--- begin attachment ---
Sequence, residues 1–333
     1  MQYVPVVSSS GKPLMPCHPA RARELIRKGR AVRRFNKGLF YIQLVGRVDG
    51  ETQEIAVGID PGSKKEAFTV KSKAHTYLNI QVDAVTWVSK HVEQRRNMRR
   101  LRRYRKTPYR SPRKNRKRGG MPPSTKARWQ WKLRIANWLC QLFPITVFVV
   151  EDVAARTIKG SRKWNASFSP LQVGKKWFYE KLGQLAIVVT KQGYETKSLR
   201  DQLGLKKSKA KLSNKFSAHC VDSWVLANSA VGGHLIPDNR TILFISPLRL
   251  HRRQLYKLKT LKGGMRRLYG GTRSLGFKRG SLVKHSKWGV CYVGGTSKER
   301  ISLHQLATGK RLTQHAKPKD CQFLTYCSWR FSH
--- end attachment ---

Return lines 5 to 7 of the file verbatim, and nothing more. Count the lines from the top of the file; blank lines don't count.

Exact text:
   151  EDVAARTIKG SRKWNASFSP LQVGKKWFYE KLGQLAIVVT KQGYETKSLR
   201  DQLGLKKSKA KLSNKFSAHC VDSWVLANSA VGGHLIPDNR TILFISPLRL
   251  HRRQLYKLKT LKGGMRRLYG GTRSLGFKRG SLVKHSKWGV CYVGGTSKER